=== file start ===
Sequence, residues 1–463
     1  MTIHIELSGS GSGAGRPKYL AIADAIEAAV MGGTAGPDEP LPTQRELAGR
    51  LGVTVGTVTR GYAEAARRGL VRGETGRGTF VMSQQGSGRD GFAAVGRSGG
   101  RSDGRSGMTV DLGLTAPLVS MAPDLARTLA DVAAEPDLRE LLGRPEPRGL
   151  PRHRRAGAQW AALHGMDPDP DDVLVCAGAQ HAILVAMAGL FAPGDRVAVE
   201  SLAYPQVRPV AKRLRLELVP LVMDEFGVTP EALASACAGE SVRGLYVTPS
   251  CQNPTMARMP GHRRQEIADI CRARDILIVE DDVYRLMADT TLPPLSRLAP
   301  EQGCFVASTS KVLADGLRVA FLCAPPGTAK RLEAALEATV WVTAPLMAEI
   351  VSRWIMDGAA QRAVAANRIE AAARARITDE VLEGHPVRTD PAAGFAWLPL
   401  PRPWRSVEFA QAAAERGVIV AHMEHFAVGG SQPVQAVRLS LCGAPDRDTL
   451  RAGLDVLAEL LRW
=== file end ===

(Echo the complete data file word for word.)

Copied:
Sequence, residues 1–463
     1  MTIHIELSGS GSGAGRPKYL AIADAIEAAV MGGTAGPDEP LPTQRELAGR
    51  LGVTVGTVTR GYAEAARRGL VRGETGRGTF VMSQQGSGRD GFAAVGRSGG
   101  RSDGRSGMTV DLGLTAPLVS MAPDLARTLA DVAAEPDLRE LLGRPEPRGL
   151  PRHRRAGAQW AALHGMDPDP DDVLVCAGAQ HAILVAMAGL FAPGDRVAVE
   201  SLAYPQVRPV AKRLRLELVP LVMDEFGVTP EALASACAGE SVRGLYVTPS
   251  CQNPTMARMP GHRRQEIADI CRARDILIVE DDVYRLMADT TLPPLSRLAP
   301  EQGCFVASTS KVLADGLRVA FLCAPPGTAK RLEAALEATV WVTAPLMAEI
   351  VSRWIMDGAA QRAVAANRIE AAARARITDE VLEGHPVRTD PAAGFAWLPL
   401  PRPWRSVEFA QAAAERGVIV AHMEHFAVGG SQPVQAVRLS LCGAPDRDTL
   451  RAGLDVLAEL LRW